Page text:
Karst landscapes and karst aquifers, which are composed of a variety of soluble rocks such as salt, gypsum, anhydrite, limestone, dolomite and quartzite, are fascinating areas of study. As karst rocks are abundant on the Earth's surface, the fast evolution of karst landscapes and the rapid flow of water through karst aquifers present challenges from a number of different perspectives. This collection of 25 papers deals with different aspects of these challenges, including karst geology, geomorphology and speleogenesis, karst hydrogeology, karst modelling, and karst hazards and management. Together these papers provide a state-of-the-art review of the current challenges and solutions in describing karst from a scientific perspective.View less
Identifying and implementing interventions that create co-benefits in terms of food and nutrition security as well as food safety requires an interdisciplinary and intersectoral approach. This study was part of a larger project that applied an integrated framework for combined nutritional, food safety and value chain analysis to assess the dairy value chain in two regions of Tanzania, namely Morogoro and Tanga. Here, we report on the use of participatory rural appraisals (PRAs) with producers and consumers to investigate seasonality, constraints and opportunities in cow milk production and consumption in ten villages in Tanzania and describe attitudes and practices surrounding milk quality and safety. The PRAs allowed identifying strong seasonal milk production and consumption practices reflecting rainfall patterns and a dependence on the natural environment. A wide range of production constraints were described by producers including insufficient technical know-how, poor quality breeds, cattle diseases, lack of capital, feed, water and reliable markets. While milk availability had a strong influence on milk consumption, findings showed that there are a range of other factors such as the consistency of milk, purchasing power and the availability of other foods which also influence consumer choice. A dependence on sensory milk quality attributes in the absence of other systems of certification was described. Both producers and consumers showed little concern regarding potentially contaminated milk despite an awareness of the existence of milkborne disease risks. The results indicate great potential for upscaling dairy production and at the same time highlight that any such interventions should carefully consider mitigation measures for food safety risks.View less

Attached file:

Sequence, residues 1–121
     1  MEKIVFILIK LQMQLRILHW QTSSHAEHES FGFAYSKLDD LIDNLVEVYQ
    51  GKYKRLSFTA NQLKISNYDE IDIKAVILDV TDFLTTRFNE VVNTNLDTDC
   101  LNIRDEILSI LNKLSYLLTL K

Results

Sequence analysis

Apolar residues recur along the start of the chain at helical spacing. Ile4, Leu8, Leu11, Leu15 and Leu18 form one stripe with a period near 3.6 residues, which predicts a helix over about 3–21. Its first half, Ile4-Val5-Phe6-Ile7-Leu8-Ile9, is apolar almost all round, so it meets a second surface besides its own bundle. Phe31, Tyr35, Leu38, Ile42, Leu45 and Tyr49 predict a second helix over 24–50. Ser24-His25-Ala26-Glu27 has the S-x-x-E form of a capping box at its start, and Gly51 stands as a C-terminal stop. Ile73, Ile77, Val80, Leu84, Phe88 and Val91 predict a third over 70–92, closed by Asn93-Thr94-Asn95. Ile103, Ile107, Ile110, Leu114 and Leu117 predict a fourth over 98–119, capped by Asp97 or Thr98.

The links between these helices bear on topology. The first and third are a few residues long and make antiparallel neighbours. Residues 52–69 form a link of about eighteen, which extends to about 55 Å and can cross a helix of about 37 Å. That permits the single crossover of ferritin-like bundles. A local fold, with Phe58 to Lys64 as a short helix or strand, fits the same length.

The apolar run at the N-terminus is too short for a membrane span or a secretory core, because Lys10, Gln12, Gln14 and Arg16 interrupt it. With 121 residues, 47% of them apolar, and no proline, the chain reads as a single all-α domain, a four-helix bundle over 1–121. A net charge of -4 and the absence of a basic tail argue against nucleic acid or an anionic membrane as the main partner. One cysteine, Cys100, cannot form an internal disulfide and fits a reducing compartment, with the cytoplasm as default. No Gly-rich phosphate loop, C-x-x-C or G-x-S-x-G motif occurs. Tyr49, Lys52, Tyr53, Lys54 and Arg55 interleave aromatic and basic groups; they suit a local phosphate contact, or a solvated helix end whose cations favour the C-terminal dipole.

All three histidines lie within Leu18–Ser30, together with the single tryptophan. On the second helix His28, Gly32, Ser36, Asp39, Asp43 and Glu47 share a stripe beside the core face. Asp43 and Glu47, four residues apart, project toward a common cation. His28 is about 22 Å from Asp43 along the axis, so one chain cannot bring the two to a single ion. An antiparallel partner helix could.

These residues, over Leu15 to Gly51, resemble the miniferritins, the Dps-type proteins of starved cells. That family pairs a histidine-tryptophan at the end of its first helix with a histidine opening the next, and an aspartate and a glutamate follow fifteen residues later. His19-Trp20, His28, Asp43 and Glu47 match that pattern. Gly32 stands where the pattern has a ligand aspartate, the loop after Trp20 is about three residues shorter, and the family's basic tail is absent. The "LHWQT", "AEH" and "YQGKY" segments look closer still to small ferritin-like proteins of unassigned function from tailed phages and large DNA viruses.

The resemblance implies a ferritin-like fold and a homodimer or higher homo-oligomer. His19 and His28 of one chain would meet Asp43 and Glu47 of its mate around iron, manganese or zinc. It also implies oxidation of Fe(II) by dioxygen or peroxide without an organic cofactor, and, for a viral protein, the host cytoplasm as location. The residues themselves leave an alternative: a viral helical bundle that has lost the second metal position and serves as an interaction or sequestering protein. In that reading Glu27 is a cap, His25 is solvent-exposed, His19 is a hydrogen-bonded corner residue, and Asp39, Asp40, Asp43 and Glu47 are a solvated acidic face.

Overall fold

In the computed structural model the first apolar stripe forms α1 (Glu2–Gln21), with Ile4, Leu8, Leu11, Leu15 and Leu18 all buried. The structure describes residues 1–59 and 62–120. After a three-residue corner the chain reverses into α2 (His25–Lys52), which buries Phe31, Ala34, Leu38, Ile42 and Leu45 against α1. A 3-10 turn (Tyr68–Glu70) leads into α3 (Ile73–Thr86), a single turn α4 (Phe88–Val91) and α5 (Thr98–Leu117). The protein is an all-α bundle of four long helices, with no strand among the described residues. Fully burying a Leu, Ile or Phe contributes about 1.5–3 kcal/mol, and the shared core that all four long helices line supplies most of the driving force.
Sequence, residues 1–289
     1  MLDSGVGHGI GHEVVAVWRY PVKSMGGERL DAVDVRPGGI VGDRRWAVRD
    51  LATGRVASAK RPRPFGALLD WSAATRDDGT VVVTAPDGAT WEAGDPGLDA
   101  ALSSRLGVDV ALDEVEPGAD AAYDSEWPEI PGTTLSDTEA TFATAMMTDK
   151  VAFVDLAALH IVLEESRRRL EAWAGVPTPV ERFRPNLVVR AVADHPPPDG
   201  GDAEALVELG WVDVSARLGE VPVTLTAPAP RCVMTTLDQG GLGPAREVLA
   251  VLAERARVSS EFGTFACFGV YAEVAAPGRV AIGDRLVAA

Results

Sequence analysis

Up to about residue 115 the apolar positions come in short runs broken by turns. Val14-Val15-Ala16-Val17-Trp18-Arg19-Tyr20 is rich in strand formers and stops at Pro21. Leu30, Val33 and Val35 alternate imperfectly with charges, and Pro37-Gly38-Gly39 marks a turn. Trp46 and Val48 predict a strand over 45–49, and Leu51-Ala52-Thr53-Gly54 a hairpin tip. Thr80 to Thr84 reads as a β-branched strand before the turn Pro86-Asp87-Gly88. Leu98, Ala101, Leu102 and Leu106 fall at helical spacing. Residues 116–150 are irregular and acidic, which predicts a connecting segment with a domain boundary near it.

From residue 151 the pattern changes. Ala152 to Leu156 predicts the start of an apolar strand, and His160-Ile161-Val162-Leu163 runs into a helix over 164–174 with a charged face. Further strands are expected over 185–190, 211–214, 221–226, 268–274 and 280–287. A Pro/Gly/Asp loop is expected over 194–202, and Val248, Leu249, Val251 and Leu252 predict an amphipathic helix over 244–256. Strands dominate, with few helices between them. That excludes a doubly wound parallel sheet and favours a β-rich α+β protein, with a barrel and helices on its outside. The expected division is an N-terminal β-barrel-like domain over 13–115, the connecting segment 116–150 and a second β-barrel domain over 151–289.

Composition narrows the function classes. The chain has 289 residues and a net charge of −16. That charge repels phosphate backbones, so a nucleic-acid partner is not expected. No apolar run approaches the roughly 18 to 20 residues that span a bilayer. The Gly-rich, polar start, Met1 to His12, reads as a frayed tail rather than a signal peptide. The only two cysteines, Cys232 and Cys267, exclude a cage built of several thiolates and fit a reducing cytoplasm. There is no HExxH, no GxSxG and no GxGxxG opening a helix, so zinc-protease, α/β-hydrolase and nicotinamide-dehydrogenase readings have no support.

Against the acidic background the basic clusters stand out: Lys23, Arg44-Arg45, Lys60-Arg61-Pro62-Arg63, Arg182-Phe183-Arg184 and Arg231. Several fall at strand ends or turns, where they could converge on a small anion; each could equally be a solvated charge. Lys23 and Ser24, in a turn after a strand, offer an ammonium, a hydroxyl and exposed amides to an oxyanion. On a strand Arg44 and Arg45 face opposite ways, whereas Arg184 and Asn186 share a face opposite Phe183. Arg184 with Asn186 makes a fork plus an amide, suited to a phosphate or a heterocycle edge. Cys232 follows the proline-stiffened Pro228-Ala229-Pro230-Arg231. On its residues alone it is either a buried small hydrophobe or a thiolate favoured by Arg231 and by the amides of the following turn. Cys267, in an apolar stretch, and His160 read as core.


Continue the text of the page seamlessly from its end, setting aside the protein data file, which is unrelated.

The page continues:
State variables in lake ecosystems are subject to processes that act on different time scales. The relative importance of each of these processes changes over time, e.g., due to varying constraints of physical, biological, and biogeochemical processes. Correspondingly, continuous automatic measurements at high temporal resolution often reveal intriguing patterns that can rarely be directly ascribed to single processes. In light of the rather complex interplay of such processes, disentangling them requires more powerful methods than researchers have applied up to this point. For this reason, we tested the potential of wavelet coherence, based on the assumption that different processes result in correlations between different variables, on different time scales and during different time windows across the seasons. The approach was tested on a set of multivariate hourly data measured between the onset of an ice cover and a cyanobacterial summer bloom in the year 2009 in the Müggelsee, a polymictic eutrophic lake. We found that processes such as photosynthesis and respiration, the growth and decay of phytoplankton biomass, dynamics in the CO2‐carbonate system, wind‐induced resuspension of particles, and vertical mixing all occasionally served as dominant drivers of the variability in our data. We therefore conclude that high‐resolution data and a method capable of analyzing time series in both the time and the frequency domain can help to enhance our understanding of the time scales and processes responsible for the high variability in driver variables and response variables, which in turn can lay the ground for mechanistic analyses.View less